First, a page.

March 8 is International Women's Day, so it's time to check in on where the good old U.S. of A. stands in relation to the rest of the world when it comes to gender equality. Spoiler alert: We're not number one.
Taking into account all variables considered by the World Economic Forum for its "Global Gender Gap Report," which looks at education, economic empowerment, health, and political empowerment, we're 20th out of 142 countries in the world. Last year we were number 23, so we've improved a bit overall (though back in 2011 we were even better, at 17th).
Looking behind the numbers we see some good news -- and some worrisome trends. Our world ranking overall was pulled up by education and health. American women and girls are not only equal to their brothers in educational opportunities, but they've surged ahead in college enrollments. And even though fewer females than males are born, women actually live longer. (The report is silent on whether men die earlier because of wars, extreme sports, or a "hold my beer and watch this" mentality.)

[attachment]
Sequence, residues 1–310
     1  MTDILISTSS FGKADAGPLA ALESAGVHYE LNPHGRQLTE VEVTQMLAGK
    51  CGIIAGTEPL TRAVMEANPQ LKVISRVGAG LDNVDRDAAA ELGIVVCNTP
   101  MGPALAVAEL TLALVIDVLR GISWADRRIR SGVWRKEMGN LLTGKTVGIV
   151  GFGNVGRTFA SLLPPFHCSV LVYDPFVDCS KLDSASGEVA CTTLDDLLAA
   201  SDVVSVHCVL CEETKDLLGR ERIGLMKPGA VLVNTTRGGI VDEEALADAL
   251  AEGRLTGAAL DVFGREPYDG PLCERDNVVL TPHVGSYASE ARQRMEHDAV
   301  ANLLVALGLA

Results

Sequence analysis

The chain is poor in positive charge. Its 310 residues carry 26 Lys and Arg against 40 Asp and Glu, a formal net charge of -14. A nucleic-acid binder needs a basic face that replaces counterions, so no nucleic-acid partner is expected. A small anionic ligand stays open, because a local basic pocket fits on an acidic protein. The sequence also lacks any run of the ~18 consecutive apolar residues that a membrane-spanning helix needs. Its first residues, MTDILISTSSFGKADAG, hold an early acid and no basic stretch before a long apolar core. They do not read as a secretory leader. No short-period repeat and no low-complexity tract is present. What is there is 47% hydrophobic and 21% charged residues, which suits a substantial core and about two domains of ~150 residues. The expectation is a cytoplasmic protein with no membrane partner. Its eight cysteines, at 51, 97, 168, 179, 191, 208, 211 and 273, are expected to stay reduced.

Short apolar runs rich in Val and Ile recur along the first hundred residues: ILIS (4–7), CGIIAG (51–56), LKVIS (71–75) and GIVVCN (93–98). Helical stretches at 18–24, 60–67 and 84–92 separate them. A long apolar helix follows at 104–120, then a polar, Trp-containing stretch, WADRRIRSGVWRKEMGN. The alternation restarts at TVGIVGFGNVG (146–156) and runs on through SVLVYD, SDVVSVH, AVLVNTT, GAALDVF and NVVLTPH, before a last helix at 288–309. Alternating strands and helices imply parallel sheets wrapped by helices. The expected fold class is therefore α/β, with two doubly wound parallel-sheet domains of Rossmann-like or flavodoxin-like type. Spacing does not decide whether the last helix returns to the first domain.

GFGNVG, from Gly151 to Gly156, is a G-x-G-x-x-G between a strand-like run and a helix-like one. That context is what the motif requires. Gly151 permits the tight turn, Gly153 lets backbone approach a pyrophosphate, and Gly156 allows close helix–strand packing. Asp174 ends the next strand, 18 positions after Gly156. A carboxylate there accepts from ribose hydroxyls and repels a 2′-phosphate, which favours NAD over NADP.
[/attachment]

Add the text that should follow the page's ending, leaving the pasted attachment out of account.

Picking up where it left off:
The not-so-good news behind our great education score is that female college enrollment in science, technology, engineering, and math (STEM) is less than half that of the guys, and the number sinks even lower in graduation rates. We also fall all the way down to 65th in the world in overall wage equality. That may be because U.S. women are close to half of the workforce, but they're still doing the lioness' share of the childcare and housework -- 248 minutes per day compared with 161 minutes for men.
There's one place where we're 100-percent equal to the men. On length of maternity and paternity leave and amount of wage replacement during time off, the U.S. score is simply blank, meaning we have no ranking at all, and both genders lose out. For one of the so-called most advanced countries on the planet, that's pathetic.
Political empowerment? American women do have the vote, but we still fall short when it comes to real power. We're 54th in overall political clout, behind Nicaragua, Rwanda and Burundi. Looking at percentage of women in Congress, we're even worse, at 83rd, bested not only by almost all of Europe but by Cambodia, Algeria, and Angola. I'll let you guess where we stand on years with a female head of state.
That's it for another International Women's Day. Let's hope that by 2016 we can at least pull ahead of Burundi.
Listen to the two-minute radio commentary here.